Many readers will be familiar with Coravin and the resulting uplift to the “wines by the glass” offering in wine bars and restaurants alike. We regularly refer to Coravin in our reviews and articles within Palate. For those who are intrigued, what follows is a brief guide to the science of cork-proof wine extraction.
A fully-patented Coravin system came along in 2011 and sparked interest from wine enthusiasts, commentators and commercial operators within gastronomy. Invented by Greg Lambrecht, an MIT graduate, the Coravin system is a technology that allows fine wines to be enjoyed in small measures – something that was never possible before. The device works by inserting a thin needle into the cork to draw wine (as a mosquito would draw blood) and replacing the liquid with argon gas as it is poured. The automatic release of argon gives a satisfying “puff” sound, indicating that the job is done. Removing the needle then sees the cork reseal itself, thus preserving the wine. Since the process does not uncork the bottle, the wine is prevented from oxidising – meaning that bottles subjected to the Coravin device can be revisited at a later date. Support from Robert Parker and other notable critics has removed virtually all doubt that might have existed over the efficacy of Coravin.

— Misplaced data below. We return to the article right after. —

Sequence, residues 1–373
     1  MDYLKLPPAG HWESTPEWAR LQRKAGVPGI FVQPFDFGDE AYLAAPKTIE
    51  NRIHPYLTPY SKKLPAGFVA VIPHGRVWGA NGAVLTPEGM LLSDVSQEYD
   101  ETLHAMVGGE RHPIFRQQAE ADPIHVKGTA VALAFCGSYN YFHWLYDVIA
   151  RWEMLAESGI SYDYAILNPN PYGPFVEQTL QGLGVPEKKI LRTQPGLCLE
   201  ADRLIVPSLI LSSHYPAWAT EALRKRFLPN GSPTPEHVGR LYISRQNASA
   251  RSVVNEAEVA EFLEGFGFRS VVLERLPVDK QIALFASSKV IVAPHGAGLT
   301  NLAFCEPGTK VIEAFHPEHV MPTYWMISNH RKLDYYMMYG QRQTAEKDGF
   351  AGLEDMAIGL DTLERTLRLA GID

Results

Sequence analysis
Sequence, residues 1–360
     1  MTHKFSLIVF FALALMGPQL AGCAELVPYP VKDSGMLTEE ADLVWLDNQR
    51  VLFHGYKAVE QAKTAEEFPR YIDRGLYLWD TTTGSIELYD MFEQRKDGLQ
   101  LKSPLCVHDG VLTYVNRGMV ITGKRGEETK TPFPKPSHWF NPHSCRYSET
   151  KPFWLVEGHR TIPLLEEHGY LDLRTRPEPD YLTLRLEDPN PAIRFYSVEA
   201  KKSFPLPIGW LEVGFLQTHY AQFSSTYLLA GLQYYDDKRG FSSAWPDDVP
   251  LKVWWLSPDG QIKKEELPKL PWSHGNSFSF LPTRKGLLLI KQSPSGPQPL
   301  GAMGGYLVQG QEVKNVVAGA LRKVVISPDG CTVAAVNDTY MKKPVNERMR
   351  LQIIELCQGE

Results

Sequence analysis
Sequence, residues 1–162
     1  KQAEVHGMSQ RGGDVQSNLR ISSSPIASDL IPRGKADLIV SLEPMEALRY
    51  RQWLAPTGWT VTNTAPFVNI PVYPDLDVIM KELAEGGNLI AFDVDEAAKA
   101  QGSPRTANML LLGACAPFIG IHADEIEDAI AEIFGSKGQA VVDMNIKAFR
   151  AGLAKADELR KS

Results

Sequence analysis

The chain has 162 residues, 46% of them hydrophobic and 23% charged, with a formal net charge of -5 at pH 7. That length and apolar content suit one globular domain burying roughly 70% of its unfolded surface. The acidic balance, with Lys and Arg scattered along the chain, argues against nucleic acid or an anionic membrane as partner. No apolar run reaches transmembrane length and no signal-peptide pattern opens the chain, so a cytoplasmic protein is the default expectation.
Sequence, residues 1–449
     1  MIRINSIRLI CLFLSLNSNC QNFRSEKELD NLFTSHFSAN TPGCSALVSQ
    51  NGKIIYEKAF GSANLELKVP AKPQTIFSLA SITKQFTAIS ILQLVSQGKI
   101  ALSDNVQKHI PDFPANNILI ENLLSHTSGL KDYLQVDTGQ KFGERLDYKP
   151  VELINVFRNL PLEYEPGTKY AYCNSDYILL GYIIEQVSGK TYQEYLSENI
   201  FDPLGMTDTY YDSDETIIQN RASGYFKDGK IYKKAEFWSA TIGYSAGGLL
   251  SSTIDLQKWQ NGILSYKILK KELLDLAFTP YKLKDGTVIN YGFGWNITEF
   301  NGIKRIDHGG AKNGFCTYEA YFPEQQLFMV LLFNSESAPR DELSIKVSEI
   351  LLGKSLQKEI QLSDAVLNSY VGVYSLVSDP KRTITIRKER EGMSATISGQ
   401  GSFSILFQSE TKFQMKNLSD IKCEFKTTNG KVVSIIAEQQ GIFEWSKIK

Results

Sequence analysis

In the present day, the UK (notably London) is witnessing a rise in the number of restaurants with rare wines by the glass at the centre of the dining experience. Coravin is undoubtedly enabling this movement.
There is still divided opinion in wine circles about Coravin. Much like the screwcap debate, there are traditionalists and there are progressives. Palate’s founders have met sommeliers who are staunchly against gaining entry to a vintage claret without uncorking it. However: the Palate stance is that Coravin not only confers access to wines which might be unaffordable by the bottle (versus a moderate flutter of cash on a glass’ worth), it revolutionises the solo eating experience for lone diners. Indeed, lone diners have often been seen by restaurateurs as a burden and, consequently, have been treated to only a poor selection of wines by the glass. Now, Coravin offers real value and opportunity for the oenophile whether tout seul or ensemble.
Palate’s top 5 places in London for wines by the glass:
- Noble Rot, 51 Lamb’s Conduit Street, London, WC1N 3NB
- Les 110 de Taillevent, 16 Cavendish Square, London, W1G 9DD
- Goodman Mayfair, 24-26 Maddox Street, London, W1S 1QH
- Blandford Comptoir, 1 Blandford Street, London, W1U 3DA
- Hawksmoor Knightsbridge, 3 Yeoman’s Row, London, SW3 2AL
by C Ley